Apart from differentiating log (n²) from (log n)² in "log en squared", that at least makes sense without overloading the superscript-2's meaning. You cannot "square" a function (rather than the result of a function) and whilst I acknowledge that trig functions are so notated (at least with the likes of sin²(x), but not sin-1
(x), and sin-2
(x) could therefore be considered confusing), "iterate twice", i.e. "log of log of n", is really the only way I would understand this, without guidance to the contrary.
It doesn't help if it's pronounced
as "log squared en", as (unless we're breaking into perhaps some sort of Polish notation - thus log (n²)?), it really should be said as "log twice en" or nothing... Like log-1
is "unlog n", if that weren't "(unstated base) to the power of n", anyways (also highlighting trouble with "logb2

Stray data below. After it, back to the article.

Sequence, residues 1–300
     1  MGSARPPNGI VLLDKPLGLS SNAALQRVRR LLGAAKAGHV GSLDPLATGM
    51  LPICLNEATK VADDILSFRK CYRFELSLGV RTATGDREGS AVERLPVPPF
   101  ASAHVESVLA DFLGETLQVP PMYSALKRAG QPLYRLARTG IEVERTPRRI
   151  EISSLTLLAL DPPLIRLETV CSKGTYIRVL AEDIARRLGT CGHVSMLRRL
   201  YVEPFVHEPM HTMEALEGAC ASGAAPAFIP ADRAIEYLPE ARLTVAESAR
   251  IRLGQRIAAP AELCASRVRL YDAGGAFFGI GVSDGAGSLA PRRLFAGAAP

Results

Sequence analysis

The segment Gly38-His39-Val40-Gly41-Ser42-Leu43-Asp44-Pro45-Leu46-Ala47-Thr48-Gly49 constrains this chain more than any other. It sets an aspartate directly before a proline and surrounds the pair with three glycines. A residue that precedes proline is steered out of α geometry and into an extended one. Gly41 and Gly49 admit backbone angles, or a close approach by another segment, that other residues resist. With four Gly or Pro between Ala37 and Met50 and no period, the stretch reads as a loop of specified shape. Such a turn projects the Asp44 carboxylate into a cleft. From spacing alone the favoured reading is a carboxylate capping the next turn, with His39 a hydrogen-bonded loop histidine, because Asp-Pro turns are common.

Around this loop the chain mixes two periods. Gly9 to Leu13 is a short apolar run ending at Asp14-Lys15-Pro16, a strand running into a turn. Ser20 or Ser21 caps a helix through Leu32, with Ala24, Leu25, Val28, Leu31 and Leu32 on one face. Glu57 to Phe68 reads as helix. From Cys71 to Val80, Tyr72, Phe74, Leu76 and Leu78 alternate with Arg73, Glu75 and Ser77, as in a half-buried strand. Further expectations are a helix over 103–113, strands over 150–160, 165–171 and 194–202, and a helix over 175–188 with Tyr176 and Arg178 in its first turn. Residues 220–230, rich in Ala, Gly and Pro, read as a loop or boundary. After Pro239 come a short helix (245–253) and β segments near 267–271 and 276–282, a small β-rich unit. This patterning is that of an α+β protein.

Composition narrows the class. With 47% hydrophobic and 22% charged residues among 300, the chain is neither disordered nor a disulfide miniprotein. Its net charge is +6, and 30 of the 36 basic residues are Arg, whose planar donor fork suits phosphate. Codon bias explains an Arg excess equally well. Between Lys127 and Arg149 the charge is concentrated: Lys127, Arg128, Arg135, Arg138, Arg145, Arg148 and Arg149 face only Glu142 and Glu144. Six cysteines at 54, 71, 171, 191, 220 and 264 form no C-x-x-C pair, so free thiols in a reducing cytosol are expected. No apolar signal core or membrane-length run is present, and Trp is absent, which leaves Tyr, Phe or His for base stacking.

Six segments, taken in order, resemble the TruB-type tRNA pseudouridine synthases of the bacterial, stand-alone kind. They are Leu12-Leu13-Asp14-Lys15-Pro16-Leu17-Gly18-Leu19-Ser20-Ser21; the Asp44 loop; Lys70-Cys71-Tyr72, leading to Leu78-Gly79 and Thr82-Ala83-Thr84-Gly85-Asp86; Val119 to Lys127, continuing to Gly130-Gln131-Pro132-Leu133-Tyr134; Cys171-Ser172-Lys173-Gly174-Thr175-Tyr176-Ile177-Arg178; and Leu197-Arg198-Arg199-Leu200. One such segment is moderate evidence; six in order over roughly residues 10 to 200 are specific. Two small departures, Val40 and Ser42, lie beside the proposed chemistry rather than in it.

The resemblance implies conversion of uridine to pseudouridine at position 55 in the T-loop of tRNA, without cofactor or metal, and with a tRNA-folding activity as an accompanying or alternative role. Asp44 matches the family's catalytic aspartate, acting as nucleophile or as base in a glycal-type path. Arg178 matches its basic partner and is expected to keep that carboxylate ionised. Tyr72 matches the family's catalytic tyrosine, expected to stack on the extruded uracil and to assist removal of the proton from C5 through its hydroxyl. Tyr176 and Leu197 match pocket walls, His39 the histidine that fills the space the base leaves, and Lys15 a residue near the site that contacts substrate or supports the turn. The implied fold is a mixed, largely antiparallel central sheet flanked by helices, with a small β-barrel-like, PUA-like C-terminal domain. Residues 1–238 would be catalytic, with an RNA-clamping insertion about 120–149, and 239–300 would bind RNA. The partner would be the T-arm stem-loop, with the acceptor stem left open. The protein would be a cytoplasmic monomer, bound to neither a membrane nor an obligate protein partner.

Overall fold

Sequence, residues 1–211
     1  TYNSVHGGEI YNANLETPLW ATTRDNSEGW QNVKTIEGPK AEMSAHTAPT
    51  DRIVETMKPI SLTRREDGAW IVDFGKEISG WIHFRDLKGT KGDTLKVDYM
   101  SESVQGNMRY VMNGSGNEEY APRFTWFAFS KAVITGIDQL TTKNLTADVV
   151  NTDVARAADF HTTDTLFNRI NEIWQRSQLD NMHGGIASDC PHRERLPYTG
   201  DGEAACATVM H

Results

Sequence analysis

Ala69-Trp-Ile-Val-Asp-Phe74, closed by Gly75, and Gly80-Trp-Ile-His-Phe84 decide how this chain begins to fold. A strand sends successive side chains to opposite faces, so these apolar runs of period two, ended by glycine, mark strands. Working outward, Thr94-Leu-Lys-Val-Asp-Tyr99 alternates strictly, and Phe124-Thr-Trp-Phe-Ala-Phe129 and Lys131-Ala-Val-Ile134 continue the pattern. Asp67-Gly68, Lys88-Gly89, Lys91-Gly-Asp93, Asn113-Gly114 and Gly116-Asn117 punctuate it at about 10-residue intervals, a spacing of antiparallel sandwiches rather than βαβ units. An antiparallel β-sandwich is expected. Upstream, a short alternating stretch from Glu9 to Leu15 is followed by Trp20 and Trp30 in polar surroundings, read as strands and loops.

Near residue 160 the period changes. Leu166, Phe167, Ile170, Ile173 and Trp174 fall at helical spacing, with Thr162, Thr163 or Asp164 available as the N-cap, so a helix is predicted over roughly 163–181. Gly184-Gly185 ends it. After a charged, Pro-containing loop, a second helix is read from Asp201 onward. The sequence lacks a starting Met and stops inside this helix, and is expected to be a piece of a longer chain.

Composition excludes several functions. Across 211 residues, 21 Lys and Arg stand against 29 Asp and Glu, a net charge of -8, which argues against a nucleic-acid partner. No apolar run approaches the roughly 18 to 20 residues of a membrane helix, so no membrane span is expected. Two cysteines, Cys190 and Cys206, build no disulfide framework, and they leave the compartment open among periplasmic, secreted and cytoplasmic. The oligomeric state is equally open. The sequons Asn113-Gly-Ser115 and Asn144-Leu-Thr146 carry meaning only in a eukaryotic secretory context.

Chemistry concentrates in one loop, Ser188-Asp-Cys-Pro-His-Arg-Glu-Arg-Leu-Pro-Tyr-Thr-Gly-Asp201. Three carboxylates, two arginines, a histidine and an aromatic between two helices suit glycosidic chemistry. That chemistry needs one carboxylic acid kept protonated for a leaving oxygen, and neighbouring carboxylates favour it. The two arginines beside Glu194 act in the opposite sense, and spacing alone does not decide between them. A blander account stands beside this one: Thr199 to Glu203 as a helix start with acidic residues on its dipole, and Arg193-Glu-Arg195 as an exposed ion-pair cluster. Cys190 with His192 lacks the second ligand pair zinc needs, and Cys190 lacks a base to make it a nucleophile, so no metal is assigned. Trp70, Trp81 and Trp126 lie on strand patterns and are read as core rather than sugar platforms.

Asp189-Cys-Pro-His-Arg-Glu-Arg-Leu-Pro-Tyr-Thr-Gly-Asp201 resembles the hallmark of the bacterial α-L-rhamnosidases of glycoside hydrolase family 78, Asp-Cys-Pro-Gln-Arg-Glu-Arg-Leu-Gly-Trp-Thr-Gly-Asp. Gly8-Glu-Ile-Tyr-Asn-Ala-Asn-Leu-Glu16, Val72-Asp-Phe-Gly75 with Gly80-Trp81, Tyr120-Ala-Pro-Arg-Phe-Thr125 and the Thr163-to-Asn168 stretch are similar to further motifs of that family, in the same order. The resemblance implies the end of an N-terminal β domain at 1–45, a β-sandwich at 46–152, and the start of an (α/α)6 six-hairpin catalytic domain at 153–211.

(n)" notation), and the reciprocal of the log is often better written otherwise ("1/log n"? "1
"? "(log n)-1
"? and also a proper TEX layout - according to availability in the medium being written in...).
I'll admit that I've never actually done much log of logging, or else squaring of logging, in a pure maths-theory environment where this may be necessary to understand the inconvenient precedents for (as per trigs). In coding, nested parentheticals make it clear(er!) what is meant, in a different manner. The "in the order of" notation of programming theory
just has never required me to delve into this inconvenient version of alternate applications of notation until now... I just have a sense that somebody, somewhere has got it wrong, and obviously it aten't me...